Do communication research in a context relevant to you

The research project in this masters enables you to focus on a real-world communication challenge and combine different communication research approaches to develop a novel solution. You can draw on research approaches from public relations, expressive arts, communication management, marketing, linguistics, media studies or journalism studies, or create a bespoke research approach that includes supervision from a related discipline such as Maori studies, international relations or evaluation studies. Your learning will focus on practical, relevant outcomes for your career.

There are also opportunities to collaborate on a shared transdisciplinary research project with students and co-supervisors from the disciplines you may be working with in your job - such as quality management, emergency management or human resource management.. This will build your understanding of the practical connections between communication and related organisational functions.

You will graduate with an excellent grasp of research, analysis and problem-solving and know how to apply your knowledge to make a difference in your workplaces and community.

What will you learn

In the first segment of the programme you focus on studying the field of communication and its possibilities. This covers the history and theory of communication across different scholarly traditions (from both humanities and business) and industries.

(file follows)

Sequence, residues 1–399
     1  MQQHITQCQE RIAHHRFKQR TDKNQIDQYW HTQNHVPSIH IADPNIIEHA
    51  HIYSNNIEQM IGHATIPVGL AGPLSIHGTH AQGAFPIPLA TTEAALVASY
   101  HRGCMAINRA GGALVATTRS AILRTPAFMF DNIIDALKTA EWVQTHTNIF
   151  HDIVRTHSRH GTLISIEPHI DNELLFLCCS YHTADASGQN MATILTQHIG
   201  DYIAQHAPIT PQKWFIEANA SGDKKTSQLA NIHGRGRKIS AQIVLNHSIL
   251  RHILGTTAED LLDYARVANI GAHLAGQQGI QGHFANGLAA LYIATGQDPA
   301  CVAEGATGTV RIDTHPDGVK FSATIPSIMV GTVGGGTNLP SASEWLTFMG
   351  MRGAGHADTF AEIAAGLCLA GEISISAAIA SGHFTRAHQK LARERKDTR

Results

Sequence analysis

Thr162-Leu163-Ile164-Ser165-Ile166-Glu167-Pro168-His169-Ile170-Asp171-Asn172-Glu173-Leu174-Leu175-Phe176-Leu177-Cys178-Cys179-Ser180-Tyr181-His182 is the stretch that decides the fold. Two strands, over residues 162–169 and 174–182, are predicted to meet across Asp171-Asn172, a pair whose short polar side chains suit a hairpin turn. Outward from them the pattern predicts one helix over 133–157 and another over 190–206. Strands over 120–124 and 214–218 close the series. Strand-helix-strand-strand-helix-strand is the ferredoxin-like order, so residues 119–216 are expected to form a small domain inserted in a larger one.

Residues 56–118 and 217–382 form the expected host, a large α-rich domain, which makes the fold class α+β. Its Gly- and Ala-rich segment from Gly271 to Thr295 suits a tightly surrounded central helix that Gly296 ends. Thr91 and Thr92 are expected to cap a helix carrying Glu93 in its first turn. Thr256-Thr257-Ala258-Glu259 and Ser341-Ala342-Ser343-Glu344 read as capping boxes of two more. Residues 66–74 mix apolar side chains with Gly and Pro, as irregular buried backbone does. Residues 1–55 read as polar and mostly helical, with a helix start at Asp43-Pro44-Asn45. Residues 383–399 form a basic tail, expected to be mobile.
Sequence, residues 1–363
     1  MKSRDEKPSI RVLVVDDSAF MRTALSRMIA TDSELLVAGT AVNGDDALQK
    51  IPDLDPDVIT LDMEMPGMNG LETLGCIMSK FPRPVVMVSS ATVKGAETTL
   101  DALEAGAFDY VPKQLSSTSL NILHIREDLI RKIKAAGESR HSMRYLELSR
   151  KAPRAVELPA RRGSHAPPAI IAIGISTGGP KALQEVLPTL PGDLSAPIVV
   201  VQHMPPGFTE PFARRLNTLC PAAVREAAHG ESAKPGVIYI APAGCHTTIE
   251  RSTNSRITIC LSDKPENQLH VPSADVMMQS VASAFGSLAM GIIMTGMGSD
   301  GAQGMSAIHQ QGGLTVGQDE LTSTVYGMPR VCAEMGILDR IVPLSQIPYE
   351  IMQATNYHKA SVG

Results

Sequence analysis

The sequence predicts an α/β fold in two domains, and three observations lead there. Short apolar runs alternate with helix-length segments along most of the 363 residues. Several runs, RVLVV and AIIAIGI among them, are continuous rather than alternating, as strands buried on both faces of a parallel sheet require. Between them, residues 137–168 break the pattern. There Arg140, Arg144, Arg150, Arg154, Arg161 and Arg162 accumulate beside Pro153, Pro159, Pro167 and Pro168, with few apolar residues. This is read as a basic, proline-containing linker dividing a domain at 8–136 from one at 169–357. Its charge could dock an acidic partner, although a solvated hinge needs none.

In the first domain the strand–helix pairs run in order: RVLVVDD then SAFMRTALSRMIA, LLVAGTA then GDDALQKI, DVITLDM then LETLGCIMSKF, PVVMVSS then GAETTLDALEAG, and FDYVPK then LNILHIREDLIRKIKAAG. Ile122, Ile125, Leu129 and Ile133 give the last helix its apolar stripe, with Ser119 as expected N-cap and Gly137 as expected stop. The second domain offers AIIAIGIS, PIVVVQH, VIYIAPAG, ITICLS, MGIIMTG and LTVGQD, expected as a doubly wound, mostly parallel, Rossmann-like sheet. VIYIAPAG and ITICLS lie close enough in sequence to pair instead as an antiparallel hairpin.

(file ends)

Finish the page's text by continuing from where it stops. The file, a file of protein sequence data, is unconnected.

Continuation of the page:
In the second you choose a personalised experience from both ‘heartland’ courses relevant to your discipline - for instance advanced journalism issues, technology and cultural change, linguistics, media practice, advanced public relations or advanced marketing - and ‘sister disciplines’ such as quality management.

In the third segment of your programme you work on a research project of your choice that is relevant to your industry and discipline. For details see the ‘Planning’ area at the top right of this page.

Become a master, faster

The Master of Communication is 180 credits. This means that you can complete this qualification in three semesters of full-time study. We offer research supervision in the summer semester if you want to really fast-track your completion. If you study part-time the qualification usually takes between 2.5 and five years.

Multi-disciplinary

Massey offers you access to world-leading communication expertise across a broad range of specialisations, including media, humanities, business, organisational studies, social sciences, critical thinking and management. Massey’s Master of Communication enables you to pursue either organisational or creative approaches to communication, or combine these to become a well-rounded communication specialist.